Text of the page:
In 1978 the Chicago Daily News went out of business and its staff was merged with the staff of the paper down the hall, the Sun-Times. A number of journalists at both papers lost their jobs in the process; I was one and Bill Granger was another. My response was anguish, his was contempt. I went off to Europe for a while, he pulled up his socks and started writing books. He had a family to support. In the next 17 years he wrote and published 28 books, most of them thrillers. He wrote under three names, his own, “Bill Griffith,” and “Joe Gash.” He collaborated on two books with his wife Lori, a lawyer. Most critics would probably say his best book was Public Murders, a 1980 procedural set in Chicago that won an Edgar Award. My favorite was Sweeps, a send-up of network television, a world he’d encountered while TV critic of the Sun-Times. The killer reminded me a lot of Charles Kuralt.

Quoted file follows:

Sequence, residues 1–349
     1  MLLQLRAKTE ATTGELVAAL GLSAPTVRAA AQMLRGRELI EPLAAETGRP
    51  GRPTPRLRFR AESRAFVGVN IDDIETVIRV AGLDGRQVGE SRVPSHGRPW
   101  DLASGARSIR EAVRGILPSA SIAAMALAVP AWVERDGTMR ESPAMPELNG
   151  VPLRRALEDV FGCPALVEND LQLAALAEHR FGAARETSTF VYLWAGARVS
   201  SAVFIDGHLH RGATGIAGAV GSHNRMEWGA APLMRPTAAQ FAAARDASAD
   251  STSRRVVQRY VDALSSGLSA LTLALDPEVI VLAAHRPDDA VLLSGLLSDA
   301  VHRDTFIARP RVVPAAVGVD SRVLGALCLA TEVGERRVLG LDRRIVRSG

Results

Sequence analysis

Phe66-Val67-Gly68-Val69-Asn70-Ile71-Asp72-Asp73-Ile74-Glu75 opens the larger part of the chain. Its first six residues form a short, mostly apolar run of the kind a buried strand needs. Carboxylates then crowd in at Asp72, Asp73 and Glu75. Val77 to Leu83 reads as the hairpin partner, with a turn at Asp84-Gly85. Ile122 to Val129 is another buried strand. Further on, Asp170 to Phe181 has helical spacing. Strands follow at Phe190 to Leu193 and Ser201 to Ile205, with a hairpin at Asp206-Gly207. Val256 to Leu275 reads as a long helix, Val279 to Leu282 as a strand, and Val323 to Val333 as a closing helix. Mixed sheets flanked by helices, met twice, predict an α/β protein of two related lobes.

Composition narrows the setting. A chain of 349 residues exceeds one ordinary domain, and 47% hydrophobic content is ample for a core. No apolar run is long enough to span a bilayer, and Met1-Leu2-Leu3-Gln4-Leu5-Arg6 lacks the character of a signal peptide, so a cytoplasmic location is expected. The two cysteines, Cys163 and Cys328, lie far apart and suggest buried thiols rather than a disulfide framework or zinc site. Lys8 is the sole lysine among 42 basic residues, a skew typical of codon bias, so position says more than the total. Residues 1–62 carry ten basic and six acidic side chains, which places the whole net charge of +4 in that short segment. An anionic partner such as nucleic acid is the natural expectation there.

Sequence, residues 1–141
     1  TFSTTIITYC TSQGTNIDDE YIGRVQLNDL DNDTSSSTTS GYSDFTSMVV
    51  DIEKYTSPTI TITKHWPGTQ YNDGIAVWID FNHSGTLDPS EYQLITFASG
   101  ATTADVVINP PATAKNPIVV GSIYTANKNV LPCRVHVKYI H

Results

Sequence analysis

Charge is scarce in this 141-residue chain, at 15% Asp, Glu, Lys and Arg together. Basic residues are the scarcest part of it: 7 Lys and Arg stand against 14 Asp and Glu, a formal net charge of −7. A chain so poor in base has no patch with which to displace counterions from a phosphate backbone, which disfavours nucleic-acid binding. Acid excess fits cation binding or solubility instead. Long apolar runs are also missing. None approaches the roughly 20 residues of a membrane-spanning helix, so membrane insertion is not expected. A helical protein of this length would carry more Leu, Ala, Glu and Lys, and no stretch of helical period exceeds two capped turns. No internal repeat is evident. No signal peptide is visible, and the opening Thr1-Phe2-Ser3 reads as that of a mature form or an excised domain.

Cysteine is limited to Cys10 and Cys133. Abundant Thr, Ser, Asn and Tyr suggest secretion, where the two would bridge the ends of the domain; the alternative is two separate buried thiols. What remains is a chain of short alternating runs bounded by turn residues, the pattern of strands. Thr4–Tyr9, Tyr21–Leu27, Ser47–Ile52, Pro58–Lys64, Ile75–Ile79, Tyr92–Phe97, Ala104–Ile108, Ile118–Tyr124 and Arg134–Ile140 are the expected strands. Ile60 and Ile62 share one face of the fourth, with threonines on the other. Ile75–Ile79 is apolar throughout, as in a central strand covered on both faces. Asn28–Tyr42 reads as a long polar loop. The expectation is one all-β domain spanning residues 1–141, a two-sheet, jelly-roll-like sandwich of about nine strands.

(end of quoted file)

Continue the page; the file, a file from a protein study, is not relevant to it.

“I’ve written eight books in three years,” he told the Milwaukee Journal’s book editor in 1983. “Fear is a great motivator—I have to pay the mortgage.” There was talk of movie adaptations, but they weren’t made. At different times he contributed columns to the Tribune and to the Daily Herald—to keep his hand in and, I guess, because the movies weren’t made.